The following week sees the return of A Streetcar Named Desire to its place of conception- NST City. Having toured the past couple of months the play has returned to its place of premiere. Arts Ambassador Gabi was lucky enough to see the show when it first hit the stage at the Southampton press night. Image: The Other Richard
The play was very much a modern adaptation, with characters dressed in basketball shorts and Nikes, despite keeping the Tennessee Williams’ now 70 year old dialogue. Director Chelsea Walker has described A Streetcar Named Desire as “a play which unpicks toxic ideas of masculinity and explores the pressures society still heaps upon women.” The modern adaptation is perfect for dealing with issues of sexism as it compares the oppression women experienced in the late 1940’s to the issues they still face today.
The story is centred around Blanche, played by Kelly Gough with a healthy dose of Williams’ famous Southern-Belle-tragedy. Blanche is a teacher with a dubious past who, having lost the family estate, finds herself living in a small apartment in New Orleans with her married sister Stella and her working-class husband Stanley. Stanley and Blanche clash instantly. They are each other’s polar opposites: male, female, working class, upper class, powerful, weak, brutish and well-refined. All the characters however experience desire, and the play shows the repercussions that come with it.
Each element in the play the Blondie soundtrack, a disco ball, a watermelon smashed on the floor, has a deeper meaning, and the play is wonderfully relatable yet has all the glamour and depth of all the finest productions. The set is a simple box apartment, every inch of which is utilised. Characters wonder around on the roof, or lean on the side, emphasising the claustrophobia of the tiny flat. In the climax of the play the set unravels before the audience’s eyes, connected as it is to Blanche’s mental state. The transformation is so powerful in capturing Blanche as a woman who has nothing and nowhere to run anymore, and the sight is both painfully heart-breaking but also awe-inspiring in the power of the image it creates.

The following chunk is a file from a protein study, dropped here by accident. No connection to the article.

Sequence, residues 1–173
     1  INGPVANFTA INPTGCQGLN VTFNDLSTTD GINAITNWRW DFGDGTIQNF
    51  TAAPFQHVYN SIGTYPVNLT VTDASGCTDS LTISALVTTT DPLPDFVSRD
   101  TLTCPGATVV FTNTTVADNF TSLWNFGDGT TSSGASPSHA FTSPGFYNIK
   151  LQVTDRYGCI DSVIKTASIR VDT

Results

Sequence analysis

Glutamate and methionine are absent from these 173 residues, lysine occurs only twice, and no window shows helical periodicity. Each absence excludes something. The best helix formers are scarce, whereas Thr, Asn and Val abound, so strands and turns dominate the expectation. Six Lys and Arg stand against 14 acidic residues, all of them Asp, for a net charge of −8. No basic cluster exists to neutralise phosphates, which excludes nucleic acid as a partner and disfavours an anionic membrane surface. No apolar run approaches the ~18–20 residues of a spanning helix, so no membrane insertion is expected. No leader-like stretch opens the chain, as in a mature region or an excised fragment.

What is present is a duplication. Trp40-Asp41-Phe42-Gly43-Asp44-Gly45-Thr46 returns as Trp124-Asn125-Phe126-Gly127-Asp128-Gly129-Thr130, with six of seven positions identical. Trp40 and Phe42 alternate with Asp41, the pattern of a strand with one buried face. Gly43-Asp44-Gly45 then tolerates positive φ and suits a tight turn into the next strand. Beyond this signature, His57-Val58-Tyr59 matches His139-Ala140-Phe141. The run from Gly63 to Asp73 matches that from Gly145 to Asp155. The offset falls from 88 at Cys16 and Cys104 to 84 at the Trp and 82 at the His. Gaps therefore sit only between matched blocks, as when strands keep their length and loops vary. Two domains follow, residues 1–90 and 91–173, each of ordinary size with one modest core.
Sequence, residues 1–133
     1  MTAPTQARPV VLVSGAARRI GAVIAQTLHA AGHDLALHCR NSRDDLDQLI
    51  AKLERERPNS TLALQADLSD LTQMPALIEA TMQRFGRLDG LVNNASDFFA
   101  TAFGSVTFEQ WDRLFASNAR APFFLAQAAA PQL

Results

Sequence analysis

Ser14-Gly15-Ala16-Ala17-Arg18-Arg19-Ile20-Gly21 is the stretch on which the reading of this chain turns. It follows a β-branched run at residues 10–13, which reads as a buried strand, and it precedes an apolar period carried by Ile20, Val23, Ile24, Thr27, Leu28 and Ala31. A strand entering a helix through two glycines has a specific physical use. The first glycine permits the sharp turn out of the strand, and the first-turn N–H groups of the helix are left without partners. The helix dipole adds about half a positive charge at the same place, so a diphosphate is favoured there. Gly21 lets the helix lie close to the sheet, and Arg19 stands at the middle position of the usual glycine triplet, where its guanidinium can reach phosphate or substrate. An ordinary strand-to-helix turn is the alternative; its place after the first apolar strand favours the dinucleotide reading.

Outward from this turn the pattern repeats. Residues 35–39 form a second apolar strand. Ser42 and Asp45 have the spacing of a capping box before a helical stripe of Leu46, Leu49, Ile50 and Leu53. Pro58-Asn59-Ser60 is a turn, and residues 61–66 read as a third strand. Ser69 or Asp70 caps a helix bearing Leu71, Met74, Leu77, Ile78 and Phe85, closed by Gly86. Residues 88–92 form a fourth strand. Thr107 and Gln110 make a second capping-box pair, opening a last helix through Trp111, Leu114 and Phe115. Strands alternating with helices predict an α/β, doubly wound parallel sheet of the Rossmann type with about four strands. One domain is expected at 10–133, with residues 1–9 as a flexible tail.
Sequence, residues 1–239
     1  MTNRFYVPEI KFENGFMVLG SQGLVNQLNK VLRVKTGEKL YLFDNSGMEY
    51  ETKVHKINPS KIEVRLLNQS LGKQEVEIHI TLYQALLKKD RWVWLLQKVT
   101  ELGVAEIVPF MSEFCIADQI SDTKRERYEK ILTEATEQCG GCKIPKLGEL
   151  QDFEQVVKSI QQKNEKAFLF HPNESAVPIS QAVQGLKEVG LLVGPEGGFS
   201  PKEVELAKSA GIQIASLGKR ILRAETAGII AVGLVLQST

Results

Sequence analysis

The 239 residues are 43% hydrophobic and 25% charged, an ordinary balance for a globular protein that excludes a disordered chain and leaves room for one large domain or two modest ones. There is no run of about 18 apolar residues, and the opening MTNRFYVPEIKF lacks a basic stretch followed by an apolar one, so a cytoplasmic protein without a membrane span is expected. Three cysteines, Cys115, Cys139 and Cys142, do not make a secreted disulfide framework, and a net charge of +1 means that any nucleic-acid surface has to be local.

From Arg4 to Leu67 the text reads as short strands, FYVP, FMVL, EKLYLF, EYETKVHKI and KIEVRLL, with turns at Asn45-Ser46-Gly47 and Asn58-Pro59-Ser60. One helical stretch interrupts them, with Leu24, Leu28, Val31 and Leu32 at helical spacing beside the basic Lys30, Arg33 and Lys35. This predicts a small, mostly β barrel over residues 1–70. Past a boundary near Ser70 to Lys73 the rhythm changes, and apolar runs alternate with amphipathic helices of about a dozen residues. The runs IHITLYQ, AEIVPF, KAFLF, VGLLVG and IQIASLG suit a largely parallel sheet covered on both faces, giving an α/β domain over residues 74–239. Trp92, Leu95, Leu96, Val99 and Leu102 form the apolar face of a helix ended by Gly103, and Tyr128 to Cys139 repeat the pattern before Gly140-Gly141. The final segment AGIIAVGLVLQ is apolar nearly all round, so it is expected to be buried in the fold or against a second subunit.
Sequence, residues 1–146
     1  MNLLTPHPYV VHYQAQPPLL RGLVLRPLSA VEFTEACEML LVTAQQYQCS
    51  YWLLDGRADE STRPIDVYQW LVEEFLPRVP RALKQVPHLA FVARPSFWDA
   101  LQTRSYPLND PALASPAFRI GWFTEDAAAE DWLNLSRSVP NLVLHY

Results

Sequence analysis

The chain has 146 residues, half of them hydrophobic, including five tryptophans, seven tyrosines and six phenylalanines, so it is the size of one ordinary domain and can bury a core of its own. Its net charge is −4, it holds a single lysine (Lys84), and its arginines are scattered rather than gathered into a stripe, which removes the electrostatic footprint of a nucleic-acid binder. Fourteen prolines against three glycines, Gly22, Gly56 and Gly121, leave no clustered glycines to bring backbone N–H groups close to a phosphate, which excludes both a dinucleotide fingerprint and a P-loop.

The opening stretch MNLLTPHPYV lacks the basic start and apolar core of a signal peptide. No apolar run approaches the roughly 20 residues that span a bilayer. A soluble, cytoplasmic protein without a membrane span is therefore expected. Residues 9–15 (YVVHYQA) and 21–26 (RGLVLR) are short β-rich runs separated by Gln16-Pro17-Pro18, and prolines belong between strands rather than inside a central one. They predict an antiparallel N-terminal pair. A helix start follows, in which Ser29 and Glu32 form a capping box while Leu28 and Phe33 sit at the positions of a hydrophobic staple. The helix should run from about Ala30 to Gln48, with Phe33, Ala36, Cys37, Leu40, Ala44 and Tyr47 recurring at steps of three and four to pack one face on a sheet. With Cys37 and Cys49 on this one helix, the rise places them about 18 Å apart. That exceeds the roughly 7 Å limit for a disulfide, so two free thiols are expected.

I thoroughly loved this production, from the jaw-dropping drama that unfolded before my eyes, to the complexity and skill of acting that made me feel I knew the characters so well -yet left me wondering about their intentions and motives long after the play. I admired the transparency of the set, how much could be done with it, and the wonderful scenes which were simply a treat for the eyes despite their sadness, left long-lasting memories.
Arts Ambassadors is a paid opportunity, supported by the Careers and Employability Service’s Excel Southampton Internship programme, University of Southampton.